This bottle came from Mytholmroyd, England which is near Hebden Bridge and Halifax.  The flared lip on the bottle indicates the type of bottles made from 1830 to 1850, whereas the molding on the base was usually done between 1860 and 1870. So I would estimate that this bottle was made about 1850 and was used for honey rather than hold a mixture of honey in a medicine.

Wm. A. Selser bottles

William A. Selser was the proprietor of a bee farm and a honey bottling operation in Wyncote and Philadelphia, PA area in the late 1880s. He was well known by the editor of the American Bee Journal and sold Root Bee supplies from his office at #10 Vine Street in Philadelphia. One of his first honey bottles was a hand blown “bee” bottle that is very scarce. His later bottles are also hand blown cathedral type bottles which may have been the forerunners for the warranted honey bottles that Root sold and the Muth jars. I know of two versions of the one pound bottles: one is embossed Selsers Honey Blossom Nectar and the other embossed Selsers blossom nectar.

Sioux Bee Honey

In 1921, five beekeepers in the Sioux City, Iowa joined together and started marketing honey under the “Sioux Bee” label. That label was replaced in 1964 with the “Sue Bee” label and the company has grown into a large association known as the Sioux Honey Association. The tumbler on display is estimated to have been marketed about 1973.

Stollers Honey

The Stoller Honey Farms, Inc. was started by Irvine Stoller in the 1920s. According to one reference this company was divided into two companies in 1998 to form Stoller Apiaries, Inc. and Wayne A. Stoller Honey, Inc. About 2008 the two Stoller Companies were merged with Golden Heritage Foods. The one pound 15 ounce jar on display is from the original company and is estimated to have been sold in 1965.

Strittmatter & Wife

The Strittmatter & Wife jar is embossed “Strittmatter’s, (Bee), Put up by, F.J. Strittmatter & Wife, RD #1, Ebensburg, PA” and is currently valued in the $80 to $146 per jar price range. There are two different styles, and in aqua glass.  They were made about 1908 to 1920. When his daughter was contacted and asked why Mr. Strittmatter didn’t list his wife’s name, the answer was because he had been married five times and didn’t want to continually be changing the glass mold. There is a difference between the two styles of jars in the height, the size of the pontil marks, and a small difference in the lettering. The taller of the two jars was made on the older Owens machine.

Straight Sided pickle Jar

The straight sided pickle jar, is available in 1 lb. round, 2½ pound square, and in five pound jars.  They are jars that are not always specifically mentioned in the show rule books, but make excellent jars to use. These jars are available from many bee supply dealers.

Superior Honey Company

The Superior Honey Company had offices in six different locations in South Gate, Fresno, Denver, Phoenix, Ogden, and Idaho Falls.

Swindell Bros.

The Swindell Bros. maker’s mark was an S in a circle.  Swindell Bros. of Baltimore, Maryland was in operation from 1869 to 1959. In 1873, the Swindell Bros. had a working arrangement or merger with the Anchor Hocking Glass Company of Ohio. Bottles made after 1920 were machine made. The one on display is estimated to have been made in 1940. The markings on the bottom are S-216 within the circle and 10 on the outside. The sides of the jar are decorated with cross hatching.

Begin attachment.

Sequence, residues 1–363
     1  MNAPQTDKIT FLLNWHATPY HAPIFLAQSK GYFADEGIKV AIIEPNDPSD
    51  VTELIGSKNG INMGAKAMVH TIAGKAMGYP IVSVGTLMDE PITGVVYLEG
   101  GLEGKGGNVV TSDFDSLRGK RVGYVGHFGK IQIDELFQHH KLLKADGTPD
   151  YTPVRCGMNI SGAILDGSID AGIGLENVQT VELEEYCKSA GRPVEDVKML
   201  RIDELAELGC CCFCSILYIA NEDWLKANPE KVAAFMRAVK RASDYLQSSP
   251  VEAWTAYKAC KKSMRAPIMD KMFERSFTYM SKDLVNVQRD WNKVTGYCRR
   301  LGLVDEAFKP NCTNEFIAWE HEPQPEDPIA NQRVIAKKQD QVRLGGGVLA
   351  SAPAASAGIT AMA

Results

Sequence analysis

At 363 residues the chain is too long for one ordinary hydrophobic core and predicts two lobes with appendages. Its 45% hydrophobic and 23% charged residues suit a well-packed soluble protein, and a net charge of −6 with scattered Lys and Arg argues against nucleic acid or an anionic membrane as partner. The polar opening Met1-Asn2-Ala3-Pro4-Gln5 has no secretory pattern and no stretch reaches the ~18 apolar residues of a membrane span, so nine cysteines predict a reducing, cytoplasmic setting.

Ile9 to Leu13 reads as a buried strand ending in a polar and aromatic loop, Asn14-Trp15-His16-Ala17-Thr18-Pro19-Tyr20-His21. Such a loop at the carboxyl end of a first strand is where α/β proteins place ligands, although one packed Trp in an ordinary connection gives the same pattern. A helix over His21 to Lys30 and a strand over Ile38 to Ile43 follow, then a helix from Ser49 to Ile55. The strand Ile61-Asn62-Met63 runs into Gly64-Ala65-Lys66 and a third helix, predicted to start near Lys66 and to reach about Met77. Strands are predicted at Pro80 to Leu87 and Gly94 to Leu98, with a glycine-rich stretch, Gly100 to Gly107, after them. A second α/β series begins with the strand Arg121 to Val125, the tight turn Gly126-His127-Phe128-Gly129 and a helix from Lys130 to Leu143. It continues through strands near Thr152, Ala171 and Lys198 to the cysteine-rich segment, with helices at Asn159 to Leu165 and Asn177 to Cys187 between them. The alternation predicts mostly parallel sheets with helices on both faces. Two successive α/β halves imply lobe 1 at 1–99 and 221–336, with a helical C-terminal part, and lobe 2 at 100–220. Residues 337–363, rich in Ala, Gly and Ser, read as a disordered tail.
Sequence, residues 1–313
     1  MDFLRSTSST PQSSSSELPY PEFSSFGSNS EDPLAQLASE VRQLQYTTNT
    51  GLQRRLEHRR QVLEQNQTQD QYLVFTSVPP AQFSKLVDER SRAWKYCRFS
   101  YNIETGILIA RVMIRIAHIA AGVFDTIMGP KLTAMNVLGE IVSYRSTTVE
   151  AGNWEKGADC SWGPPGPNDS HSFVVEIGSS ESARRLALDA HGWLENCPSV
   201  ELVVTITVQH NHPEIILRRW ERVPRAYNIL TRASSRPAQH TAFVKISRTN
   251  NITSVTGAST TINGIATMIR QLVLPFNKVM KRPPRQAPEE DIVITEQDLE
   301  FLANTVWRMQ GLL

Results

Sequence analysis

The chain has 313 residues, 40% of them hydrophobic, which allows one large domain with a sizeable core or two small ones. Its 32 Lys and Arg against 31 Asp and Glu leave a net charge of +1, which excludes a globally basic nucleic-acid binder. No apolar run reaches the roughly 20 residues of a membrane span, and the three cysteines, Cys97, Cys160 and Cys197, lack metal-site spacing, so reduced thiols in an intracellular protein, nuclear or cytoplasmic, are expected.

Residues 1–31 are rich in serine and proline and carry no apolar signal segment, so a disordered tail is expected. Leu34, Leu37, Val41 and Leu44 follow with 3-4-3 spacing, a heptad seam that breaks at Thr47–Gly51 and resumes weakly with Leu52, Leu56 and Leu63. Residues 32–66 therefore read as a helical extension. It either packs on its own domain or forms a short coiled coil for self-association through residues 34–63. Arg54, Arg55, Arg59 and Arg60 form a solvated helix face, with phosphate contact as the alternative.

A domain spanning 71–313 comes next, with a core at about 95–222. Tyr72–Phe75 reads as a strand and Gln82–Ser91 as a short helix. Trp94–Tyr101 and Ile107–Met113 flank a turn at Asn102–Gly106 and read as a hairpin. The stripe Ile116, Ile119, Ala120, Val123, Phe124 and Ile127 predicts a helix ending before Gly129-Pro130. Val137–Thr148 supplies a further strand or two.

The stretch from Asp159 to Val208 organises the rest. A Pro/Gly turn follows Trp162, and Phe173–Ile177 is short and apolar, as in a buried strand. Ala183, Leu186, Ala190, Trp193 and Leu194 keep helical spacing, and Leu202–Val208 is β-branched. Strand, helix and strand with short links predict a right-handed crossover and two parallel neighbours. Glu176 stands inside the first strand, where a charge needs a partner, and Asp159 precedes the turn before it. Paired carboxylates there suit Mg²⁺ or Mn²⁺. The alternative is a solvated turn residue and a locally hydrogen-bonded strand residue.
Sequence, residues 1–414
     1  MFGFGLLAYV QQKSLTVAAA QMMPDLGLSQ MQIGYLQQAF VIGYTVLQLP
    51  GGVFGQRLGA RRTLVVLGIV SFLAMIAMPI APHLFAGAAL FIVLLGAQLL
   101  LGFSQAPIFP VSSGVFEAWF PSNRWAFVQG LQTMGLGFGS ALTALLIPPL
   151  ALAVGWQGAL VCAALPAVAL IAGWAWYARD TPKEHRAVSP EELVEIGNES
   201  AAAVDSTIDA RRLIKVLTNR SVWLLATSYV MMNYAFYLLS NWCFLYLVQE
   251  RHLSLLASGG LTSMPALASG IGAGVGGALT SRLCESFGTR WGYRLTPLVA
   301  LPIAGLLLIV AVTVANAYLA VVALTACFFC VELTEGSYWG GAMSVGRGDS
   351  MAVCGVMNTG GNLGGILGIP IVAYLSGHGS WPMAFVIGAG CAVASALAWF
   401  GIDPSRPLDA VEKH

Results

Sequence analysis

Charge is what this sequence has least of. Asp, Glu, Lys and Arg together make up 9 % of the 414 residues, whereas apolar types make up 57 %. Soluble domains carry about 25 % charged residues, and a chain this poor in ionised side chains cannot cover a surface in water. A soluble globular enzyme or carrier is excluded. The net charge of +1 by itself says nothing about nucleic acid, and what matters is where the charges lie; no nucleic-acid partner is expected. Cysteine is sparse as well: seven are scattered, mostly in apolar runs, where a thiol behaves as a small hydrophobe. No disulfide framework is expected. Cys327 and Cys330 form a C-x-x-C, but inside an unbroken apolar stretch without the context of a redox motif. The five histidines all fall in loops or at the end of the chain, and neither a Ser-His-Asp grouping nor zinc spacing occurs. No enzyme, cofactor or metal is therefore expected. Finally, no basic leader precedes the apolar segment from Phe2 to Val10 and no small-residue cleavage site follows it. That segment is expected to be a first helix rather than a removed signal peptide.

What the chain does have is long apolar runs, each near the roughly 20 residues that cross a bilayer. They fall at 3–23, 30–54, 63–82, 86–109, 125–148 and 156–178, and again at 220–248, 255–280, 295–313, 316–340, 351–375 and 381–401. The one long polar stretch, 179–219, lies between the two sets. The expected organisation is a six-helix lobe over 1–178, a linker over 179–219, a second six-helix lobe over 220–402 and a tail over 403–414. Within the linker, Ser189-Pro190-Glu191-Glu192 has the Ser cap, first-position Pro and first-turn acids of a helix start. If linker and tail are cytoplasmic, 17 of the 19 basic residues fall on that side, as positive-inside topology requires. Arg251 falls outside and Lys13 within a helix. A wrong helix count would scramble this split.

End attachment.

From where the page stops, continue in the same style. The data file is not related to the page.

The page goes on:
Tropical Blossom Honey Company, Inc.

The Tropic Bee is one of the trademarks of the Tropical Blossom Honey Company uses. One of their marketing strategies is to use unusual honey containers and you will notice a container that looks like an automobile. David K. and Helen McGinnis founded the company in 1940 and sell unique Florida honeys such as Orange Blossom, Tupelo, Palmetto, and Tangelo.

Warranted Pure Honey Jar

The Warranted Pure Honey Jar was the type of jar that was sold by the A.I. Root Company in the 1890s. It is similar to the Muth jars without the decorative embossing.

Wahl Honey “milk” Bottle

L.F. Wahl, Chili, N.Y. sold honey in quarts, pints, and half pint bottles. A close examination shows MTC which were makers of the bottle Thatcher Glass Manufacturing Company. These bottles were made from 1923 to about 1949. Notice that this bottle lists honey as the contents and not like the regular milk bottles that list their names as honey gardens or show bees, skeps, or flowers.  The P.N Townsend bottle is listed here as they ran both a honey business and a dairy and used the same bottle. In 1927 Meharry of San Francisco, California sold honey in pint, half pint, and ¼ pint jars. Premium Dairy has a nice Eagle and Skep embossed in their crest on the bottle, but the emphasis is on milk. Consequently it will be listed with bottles that look like honey bottles.

Walkers Honey Whip

Walkers Honey Whip is really an example of finely granulated honey in a one pound container. It was produced by Walker & Sons Apiaries in Milford, Michigan in 1948.


The Wheaton Honey Jar was made as a table top or serving jar

White Clover Honey Company

The White Clover Honey Company was in Reading, Pennsylvania and produced a bottle similar to a soda bottle. Due to the formation of the top lip, it appears to have been made between 1865 and 1880. The bottom doesn’t have a pontil mark and it indicates that it was hand blown into a mold.

Jim Thompson is a long time beekeeper and beekeeping historian, living in Smithville, Ohio.